There are many reasons why people are installing coffered ceilings into what would be considered everyday homes (check out this infographic below by Tilton Coffered Ceilings which shows what every homeowner should know about coffered ceilings). If you are one of the many homeowners who has “discovered” the beauty and benefits of coffered ceilings but are interested in stepping it up a notch and making your ceiling more unique, we have a few ideas for your fifth wall.
Think Past the Paint – Many coffered ceilings are white, which isn’t a bad choice, but it can be a bit bland. You could paint the inside boxes an interesting color, but why not go all out and try texture! Many companies make ceiling tiles that come in an assortment of colors, textures, and designs. Changing the look of your coffered ceiling is as simple as swapping out foam tiles for ceiling tiles!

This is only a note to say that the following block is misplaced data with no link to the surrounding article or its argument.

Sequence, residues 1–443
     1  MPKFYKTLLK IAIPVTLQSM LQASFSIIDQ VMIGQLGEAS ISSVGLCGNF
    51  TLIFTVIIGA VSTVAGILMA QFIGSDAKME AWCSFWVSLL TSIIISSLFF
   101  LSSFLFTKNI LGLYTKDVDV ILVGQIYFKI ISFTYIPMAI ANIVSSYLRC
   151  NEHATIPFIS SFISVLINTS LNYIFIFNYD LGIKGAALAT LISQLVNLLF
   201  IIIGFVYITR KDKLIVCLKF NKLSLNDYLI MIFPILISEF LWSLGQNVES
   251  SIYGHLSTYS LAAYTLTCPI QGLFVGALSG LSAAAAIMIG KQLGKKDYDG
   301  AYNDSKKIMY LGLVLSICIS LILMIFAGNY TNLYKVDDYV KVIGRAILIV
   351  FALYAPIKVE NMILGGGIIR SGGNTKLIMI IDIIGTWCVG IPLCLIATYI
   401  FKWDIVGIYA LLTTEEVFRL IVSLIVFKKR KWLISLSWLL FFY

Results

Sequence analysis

Stripes – This is an inexpensive way to dramatically change that ceiling. Simply paint stripes on the outside beams, either in alternating colors, or alternate panels. For example, if you wish to add some warm, red highlights to the beams, simply paint every other beam red for a red and white pinstripe effect.
Add Light – If your room has the typical single or double light fixture hanging from the ceiling, you can dramatically light up the room by removing your old lights and installing a single recessed light in the middle of each square or octagon. This is a beautiful effect that will remind you of a starry, starry night.
Wall Paper on the Ceiling – Another easy way to transform your coffered ceiling is to add some wallpaper to the center or to the outside edges. The great thing about this idea is that there is no limit as to what your imagination can dream up. Wallpaper is inexpensive, easy to apply, and comes in a multitude of colors and textures.
Go Retro – If you love the look of those old fashioned tin ceilings and their beautiful designs, you can recreate that look, without the hassle and expense, by using faux tin ceiling tiles made from PVC. Victorian style never really went out of style, now did it?